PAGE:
Expression of a carotenogenic gene allows faster biomass production by redesigning plant architecture and improving photosynthetic efficiency in tobacco

Moreno J.C., Mi J., Agrawal S., Kössler S., Turečková V., Tarkowská D., Thiele W., Al-Babili S., Bock R., Schöttler M.
PLANT JOURNAL 103: 1967-1984, 2020

Keywords: beta-carotene, gibberellins, ABA, biomass, photosynthesis, carotenoids, Nicotiana tabacum
Abstract: Because carotenoids act as accessory pigments in photosynthesis, play a key photoprotective role and are of major nutritional importance, carotenogenesis has been a target for crop improvement. Although carotenoids are important precursors of phytohormones, previous genetic manipulations reported little if any effects on biomass production and plant development, but resulted in specific modifications in carotenoid content. Unexpectedly, the expression of the carrot lycopene beta-cyclase (DcLCYB1) in Nicotiana tabacum cv. Xanthi not only resulted in increased carotenoid accumulation, but also in altered plant architecture characterized by longer internodes, faster plant growth, early flowering and increased biomass. Here, we have challenged these transformants with a range of growth conditions to determine the robustness of their phenotype and analyze the underlying mechanisms. Transgenic DcLCYB1 lines showed increased transcript levels of key genes involved in carotenoid, chlorophyll, gibberellin (GA) and abscisic acid (ABA) biosynthesis, but also in photosynthesis-related genes. Accordingly, their carotenoid, chlorophyll, ABA and GA contents were increased. Hormone application and inhibitor experiments confirmed the key role of altered GA/ ABA contents in the growth phenotype. Because the longer internodes reduce shading of mature leaves, induction of leaf senescence was delayed, and mature leaves maintained a high photosynthetic capacity. This increased total plant assimilation, as reflected in higher plant yields under both fully controlled constant and fluctuating light, and in non-controlled conditions. Furthermore, our data are a warning that engineering of isoprenoid metabolism can cause complex changes in phytohormone homeostasis and therefore plant development, which have not been sufficiently considered in previous studies.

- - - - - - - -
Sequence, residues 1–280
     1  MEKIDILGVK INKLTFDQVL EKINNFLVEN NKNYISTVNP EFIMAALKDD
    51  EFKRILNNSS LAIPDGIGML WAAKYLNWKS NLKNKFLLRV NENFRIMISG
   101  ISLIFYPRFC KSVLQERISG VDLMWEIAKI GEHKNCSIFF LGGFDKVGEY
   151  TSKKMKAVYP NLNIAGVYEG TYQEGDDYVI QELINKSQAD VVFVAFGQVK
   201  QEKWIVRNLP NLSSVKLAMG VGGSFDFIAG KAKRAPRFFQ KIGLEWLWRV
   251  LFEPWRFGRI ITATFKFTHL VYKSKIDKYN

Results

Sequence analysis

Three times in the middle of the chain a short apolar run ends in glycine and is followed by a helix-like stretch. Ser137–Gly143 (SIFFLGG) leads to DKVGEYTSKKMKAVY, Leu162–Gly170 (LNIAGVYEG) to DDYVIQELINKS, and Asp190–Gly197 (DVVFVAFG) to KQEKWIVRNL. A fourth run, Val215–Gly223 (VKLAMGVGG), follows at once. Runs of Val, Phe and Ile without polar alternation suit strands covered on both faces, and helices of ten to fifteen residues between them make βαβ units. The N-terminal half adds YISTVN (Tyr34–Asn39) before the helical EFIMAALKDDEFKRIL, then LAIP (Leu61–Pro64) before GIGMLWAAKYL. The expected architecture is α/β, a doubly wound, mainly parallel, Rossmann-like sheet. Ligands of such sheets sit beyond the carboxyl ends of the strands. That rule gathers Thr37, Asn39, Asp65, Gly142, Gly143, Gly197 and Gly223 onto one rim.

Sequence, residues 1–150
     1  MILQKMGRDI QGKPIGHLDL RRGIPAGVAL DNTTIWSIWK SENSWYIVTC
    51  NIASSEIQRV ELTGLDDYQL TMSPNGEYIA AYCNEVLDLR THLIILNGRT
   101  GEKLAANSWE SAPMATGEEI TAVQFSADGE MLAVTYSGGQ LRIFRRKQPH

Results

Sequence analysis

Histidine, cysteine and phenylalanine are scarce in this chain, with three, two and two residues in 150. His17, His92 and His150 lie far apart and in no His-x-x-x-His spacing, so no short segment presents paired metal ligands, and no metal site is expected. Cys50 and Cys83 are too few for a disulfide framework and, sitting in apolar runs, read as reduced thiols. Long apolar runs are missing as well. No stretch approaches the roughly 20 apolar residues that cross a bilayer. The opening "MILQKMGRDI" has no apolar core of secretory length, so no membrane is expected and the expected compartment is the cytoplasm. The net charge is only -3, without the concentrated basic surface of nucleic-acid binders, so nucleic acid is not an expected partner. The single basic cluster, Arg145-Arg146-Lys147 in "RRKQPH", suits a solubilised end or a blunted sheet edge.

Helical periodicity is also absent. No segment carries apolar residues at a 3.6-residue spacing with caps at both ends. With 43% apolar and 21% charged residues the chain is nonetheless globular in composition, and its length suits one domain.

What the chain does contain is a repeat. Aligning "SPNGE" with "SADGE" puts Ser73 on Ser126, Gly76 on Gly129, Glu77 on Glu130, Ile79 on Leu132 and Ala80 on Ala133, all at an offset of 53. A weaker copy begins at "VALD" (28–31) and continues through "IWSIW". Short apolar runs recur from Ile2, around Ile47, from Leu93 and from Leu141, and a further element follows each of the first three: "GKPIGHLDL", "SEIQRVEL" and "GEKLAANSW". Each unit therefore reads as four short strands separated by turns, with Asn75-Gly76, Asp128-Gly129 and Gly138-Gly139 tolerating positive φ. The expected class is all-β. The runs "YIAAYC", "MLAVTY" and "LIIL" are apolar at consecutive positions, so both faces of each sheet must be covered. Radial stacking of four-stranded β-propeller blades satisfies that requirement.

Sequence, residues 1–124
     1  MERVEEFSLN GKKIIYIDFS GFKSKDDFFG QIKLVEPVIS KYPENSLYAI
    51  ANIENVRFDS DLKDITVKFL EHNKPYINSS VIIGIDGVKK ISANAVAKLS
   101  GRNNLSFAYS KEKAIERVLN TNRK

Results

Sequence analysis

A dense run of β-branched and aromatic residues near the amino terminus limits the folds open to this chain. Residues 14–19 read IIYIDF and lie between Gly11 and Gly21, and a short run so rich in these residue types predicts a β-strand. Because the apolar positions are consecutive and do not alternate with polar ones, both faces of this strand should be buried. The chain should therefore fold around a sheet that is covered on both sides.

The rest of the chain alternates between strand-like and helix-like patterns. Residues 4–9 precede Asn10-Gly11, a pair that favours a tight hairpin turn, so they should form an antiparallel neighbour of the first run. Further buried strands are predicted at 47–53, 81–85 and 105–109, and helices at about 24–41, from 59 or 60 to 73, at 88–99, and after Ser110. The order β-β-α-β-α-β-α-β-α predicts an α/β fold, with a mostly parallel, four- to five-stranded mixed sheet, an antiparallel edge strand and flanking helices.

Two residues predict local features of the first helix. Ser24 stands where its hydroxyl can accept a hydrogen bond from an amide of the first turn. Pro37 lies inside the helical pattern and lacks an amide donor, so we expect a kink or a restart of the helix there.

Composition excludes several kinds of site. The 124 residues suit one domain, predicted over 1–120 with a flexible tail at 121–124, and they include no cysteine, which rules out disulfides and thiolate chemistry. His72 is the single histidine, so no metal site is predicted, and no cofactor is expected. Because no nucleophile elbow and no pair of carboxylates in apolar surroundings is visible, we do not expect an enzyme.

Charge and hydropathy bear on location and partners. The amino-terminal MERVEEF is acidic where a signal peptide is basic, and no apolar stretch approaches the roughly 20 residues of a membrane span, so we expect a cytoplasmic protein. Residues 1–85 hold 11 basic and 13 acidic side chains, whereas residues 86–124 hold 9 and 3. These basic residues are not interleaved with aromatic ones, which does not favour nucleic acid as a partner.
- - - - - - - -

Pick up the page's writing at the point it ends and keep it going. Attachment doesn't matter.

DOI: 10.1111/tpj.14909 IEB authors: Danuše Tarkowská